Today, this Google query ended up here. It’s an interesting question, given that the rich reception of Gen. 6.1-4 only depicts male angels having sex with human women.
But the answer is simple: there are no female angels. In early Jewish literature, all angels are male.
Update 1: This important issue seems to have provoked interest. Jack Collins (Worthless Mysteries) comments below that Na’amah, the subject of speculation since being listed as the one female Cainite in Gen. 4:22b (see the genealogy in Gen. 4:17-22), ends up as a fallen angel in the Zohar. As she has sex with Adam, this counts as a female angel having sex with a man. But we’re well into medieval Judaism here. The same would go for Lilith traditions, which SP discusses in the comments section.
Update 2: And the Greek goddesses become angels in late Christian tradition. Nike, already winged in Greek iconography, is easily angelified, given the conflation of angels with the winged creatures.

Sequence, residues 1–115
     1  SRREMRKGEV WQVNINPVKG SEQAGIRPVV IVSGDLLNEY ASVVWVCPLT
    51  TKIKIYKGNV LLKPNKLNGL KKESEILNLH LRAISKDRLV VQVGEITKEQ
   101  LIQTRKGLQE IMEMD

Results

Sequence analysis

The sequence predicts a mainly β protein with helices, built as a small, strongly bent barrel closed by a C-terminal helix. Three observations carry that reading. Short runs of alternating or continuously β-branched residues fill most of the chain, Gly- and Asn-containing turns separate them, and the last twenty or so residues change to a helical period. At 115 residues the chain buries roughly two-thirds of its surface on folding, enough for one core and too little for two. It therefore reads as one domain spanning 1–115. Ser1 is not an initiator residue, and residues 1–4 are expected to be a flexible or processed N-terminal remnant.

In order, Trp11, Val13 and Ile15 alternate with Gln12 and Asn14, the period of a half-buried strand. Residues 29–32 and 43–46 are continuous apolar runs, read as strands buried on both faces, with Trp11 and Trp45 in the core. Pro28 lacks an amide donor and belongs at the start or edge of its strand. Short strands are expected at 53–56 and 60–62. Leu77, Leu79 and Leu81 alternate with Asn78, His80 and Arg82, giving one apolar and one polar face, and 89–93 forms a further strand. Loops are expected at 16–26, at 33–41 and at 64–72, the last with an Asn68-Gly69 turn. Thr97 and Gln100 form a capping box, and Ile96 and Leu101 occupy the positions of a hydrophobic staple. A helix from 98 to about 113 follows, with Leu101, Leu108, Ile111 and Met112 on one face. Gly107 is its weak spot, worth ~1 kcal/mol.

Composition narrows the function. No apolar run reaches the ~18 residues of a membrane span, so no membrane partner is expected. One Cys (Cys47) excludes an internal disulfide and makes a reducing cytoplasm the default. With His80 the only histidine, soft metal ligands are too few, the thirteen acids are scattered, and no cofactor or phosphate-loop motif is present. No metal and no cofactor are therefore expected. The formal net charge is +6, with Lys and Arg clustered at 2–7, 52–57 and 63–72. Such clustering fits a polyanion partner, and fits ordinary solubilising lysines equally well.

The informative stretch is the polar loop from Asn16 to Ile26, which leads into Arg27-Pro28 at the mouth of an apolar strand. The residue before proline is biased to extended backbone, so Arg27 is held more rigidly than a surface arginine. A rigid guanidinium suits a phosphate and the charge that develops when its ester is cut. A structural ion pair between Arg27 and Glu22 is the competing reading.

Update 3: Jim Davila (Paleojudaica) points out “the four Hayyot (“living creatures” or “beasts”) of Ezekiel chapter 1 are grammatically female”. Grammatically, that is, but not in gender. Yet, what this means is a bit mysterious, as Jim points out, and they’re not precisely angels.
Update 4: Also in the comments section, SP points out that “in Targum Neofiti (on Gen. 6), the bene [ha]elohim take (אנשי(ן instead of women”. That is, the sons of the gods have sex with men rather than women. This might be a result of a problem in textual transmission, though, as the final nun is missing.
So it is still correct to say that, as far as the evidence of early Judaism goes, there are no female angels – and therefore no angels who have sex with men. Or have I missed some evidence of female angels in early Judaism….?